Nearly a quarter century after an enchanting, underwater princess named Ariel swam into young girl’s hearts with the release of Disney’s “The Little Mermaid,” a pair of Morgan Hill inventors – Sydney Murphy and Ksenia Medvedeva, both 11 and in the fifth grade – have created their very own usable mermaid tails with prosthetic fins.
“I always wanted to be a mermaid,” explained Sydney, who joined forces with her friend to make that childhood dream a reality. “Every kid wants to have a super power. That’s the super power I wanted.”
Ksenia, whose favorite Disney princess happens to be the under-the-sea star of the 1989 animated musical fantasy – was delighted to join in the fun.
Being able to glide gracefully underwater like a mermaid is a dream Sydney and Ksenia have shared since they were 3.
“It became more of a desire to create an actual tail when she started learning about mythology,” explained Sydney’s mother, Nichole Murphy. “That’s when she starting tying her feet together, duct-taping flippers together.”
When Sydney was 8 years old, her grandparents even bought her a commercially-manufactured mermaid fin, but “all it did was slow you down,” said Sydney, who clearly was destined for loftier aquatic aspirations than what retails stores could provide.
“My favorite princess was Ariel,” shared Ksenia as the duo, calling themselves “Team Folktail,” prepared for one final test run last week in their community pool in the newer housing development off Calle Viento in northwest Morgan Hill. “I remember I got a bunch of mermaid babies for Christmas and I tried to make them swim in the sink.”
These days, Sydney and Ksenia have swapped their playthings for the real things. The two dolphin-kicked around the community pool recently, propelling themselves seemingly effortlessly through the water.
“It’s like you can picture yourself in the real ocean and really swim (like a real mermaid),” said Sydney, tall and slender with flowing brown hair and big brown eyes. “You just kind of go with the flow.”
The prosthetic mermaid tails – 4-foot sleeves that are 90 percent polyester and 10 percent spandex – are slipped on like long, tight-fitting skirts. Sydney and Ksenia sewed the black and turquoise-colored fabric – which is iridescent and gives off a shimmery, scaly look – together themselves after Ksenia’s mother, Anna Medvedeva, first showed the girls how to do a temporary stitch by hand and then how to use a sewing machine to make it permanent. The 24-inch-long prosthetic fin is made of clear vinyl and held together by metal rulers and bolts. The ensemble, which cost less than $150 in materials, is completed after the girls slip their feet into a pair of water shoes, which are bolted onto the prosthetic fin.
“You have to kick harder to really propel through the water,” added Ksenia, who has long blonde hair with bright blue eyes and freckles. “It sort of feels like your legs are stuck together.”
The results of their creative efforts have been magical – so much so that the Morgan Hill pair, which first got together in January during the Imagination Unlimited program for home school students held at the Coyote Grange – were invited to present their invention during Wearable Tech Day at the San Jose Tech Museum last month.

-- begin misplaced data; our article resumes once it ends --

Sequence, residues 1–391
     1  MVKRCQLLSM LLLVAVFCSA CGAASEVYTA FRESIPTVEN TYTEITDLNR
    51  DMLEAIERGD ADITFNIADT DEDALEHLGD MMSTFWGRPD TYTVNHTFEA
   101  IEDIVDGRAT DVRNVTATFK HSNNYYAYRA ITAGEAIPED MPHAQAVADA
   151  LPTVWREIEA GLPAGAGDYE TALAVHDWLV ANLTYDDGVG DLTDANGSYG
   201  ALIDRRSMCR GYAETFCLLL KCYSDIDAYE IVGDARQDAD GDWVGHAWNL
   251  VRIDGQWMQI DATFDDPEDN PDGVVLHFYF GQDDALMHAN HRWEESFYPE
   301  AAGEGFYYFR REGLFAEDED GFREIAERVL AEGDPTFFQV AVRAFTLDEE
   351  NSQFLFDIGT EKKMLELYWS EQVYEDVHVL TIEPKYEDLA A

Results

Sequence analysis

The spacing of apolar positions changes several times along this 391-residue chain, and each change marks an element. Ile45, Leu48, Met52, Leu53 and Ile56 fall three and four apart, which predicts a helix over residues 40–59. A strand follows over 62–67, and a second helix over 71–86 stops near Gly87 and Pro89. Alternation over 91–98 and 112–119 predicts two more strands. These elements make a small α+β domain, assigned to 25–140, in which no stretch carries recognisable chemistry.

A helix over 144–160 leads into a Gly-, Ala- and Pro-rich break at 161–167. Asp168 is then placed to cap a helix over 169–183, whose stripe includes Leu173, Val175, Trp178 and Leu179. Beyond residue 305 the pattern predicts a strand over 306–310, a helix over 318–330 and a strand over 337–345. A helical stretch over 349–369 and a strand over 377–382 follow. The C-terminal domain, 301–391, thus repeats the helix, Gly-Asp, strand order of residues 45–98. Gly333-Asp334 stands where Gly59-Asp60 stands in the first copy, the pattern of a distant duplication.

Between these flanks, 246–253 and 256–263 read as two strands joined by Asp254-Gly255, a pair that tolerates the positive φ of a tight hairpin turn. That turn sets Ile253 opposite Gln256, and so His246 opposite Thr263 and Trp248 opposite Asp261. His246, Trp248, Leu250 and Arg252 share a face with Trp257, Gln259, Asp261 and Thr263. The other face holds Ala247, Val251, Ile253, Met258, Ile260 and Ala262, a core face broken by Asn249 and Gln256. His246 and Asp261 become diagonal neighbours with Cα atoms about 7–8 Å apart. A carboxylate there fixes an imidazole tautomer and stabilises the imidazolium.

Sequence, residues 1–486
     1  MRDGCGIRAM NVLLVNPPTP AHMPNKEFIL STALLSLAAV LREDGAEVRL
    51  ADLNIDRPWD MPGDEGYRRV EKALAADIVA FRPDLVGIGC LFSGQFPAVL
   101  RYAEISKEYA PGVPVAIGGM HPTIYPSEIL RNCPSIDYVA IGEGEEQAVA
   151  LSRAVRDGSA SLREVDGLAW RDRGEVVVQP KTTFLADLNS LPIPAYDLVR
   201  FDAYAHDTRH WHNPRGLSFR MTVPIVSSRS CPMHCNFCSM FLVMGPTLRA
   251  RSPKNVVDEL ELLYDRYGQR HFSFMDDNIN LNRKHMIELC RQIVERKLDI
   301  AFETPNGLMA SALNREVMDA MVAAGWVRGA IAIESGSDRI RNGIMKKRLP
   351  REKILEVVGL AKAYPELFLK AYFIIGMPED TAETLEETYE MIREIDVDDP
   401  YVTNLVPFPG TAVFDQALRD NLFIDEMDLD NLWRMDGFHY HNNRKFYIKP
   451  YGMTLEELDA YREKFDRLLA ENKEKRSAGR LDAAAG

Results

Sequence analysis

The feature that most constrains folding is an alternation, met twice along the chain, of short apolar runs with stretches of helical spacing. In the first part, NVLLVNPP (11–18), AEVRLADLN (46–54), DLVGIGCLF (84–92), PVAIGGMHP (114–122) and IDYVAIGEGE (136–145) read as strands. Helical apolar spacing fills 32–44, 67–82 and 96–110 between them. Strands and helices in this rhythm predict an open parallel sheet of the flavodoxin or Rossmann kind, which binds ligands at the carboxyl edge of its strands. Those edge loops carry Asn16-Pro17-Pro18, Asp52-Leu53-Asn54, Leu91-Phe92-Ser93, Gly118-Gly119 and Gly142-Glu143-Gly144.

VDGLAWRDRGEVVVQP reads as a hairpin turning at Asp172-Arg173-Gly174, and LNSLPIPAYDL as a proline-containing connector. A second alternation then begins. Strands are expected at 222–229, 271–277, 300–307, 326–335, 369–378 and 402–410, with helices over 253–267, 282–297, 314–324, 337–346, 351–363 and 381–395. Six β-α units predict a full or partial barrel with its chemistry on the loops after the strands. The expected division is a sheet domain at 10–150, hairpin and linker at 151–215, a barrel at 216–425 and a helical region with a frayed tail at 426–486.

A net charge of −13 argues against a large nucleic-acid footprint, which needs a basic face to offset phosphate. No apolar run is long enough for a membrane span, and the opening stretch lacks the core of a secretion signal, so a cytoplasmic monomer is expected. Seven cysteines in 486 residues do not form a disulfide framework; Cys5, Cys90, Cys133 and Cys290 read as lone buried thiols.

From there, the girls were courted by organizers of the May 18 San Mateo Maker Faire, described on its website as “The Greatest Show (and Tell) on Earth … a family-friendly festival of invention, creativity and resourcefulness, and a celebration of the Maker movement.”
Sydney and Kesenia had the opportunity to hold another demonstration on the main stage, where they showed off their mermaid prototypes by swimming in a portable pool during the first-time Young Maker segment. No awards or medals are given, but the girls’ prize, besides sharing their idea with other inventors, was meeting Adam Savage, host of the Discovery channel’s popular “Mythbusters” show. That was “reward enough,” said Sydney’s mom.
“They exemplify the creative thinking, exploration and innovation of the Maker Faire spirit,” said Vice President Sherry Huss of Maker Media. “It’s great to see kids like this learn all about LEDs, conductive thread and design going into such a fun and unique project.”
Behind every great success, however, are myriad stages of trial and error – a process that involved experimentation with various materials including duct tape, flippers, foam, bubble wrap and even liquid latex.
“Never underestimate what you can do,” said a proud Anna Medvedeva, who came to the states 15 years ago from her native Moscow, Russia. “Every prototype, when we brought it out, we thought was going to work. They would have brief success, two minutes, then an hour. The last time it was like (many) hours.”
The girls are in their third phase of developing the mermaid prototype over a five-month span and tested out the prototypes multiple times in their 5-foot deep, neighborhood pool leading up to the Maker Faire presentation. Prior to the Faire, they practiced “Little Mermaid” impressions for five to six hours per day, three days week.
“I thought she was going to grow scales,” laughed Anna of her daughter Ksenia, who also is a member of the Morgan Hill Splash Aquatics team.
The tinkering of their mermaid invention continues.
“In the future, we want to make it one piece instead of two,” remarked Ksenia.
“It was very important for it to be stretchy,” detailed Sydney, chiming in.
“The best part of this project is that it is truly theirs,” said Sydney’s mother, Nichole Murphy, a Southern California native and avid swimmer who coached the U.S. swim team at San Francisco State University. “The last 18 weeks they’ve tested, bled, cried and laughed over all the details, and learned through trial and error on how to complete a long-term project.”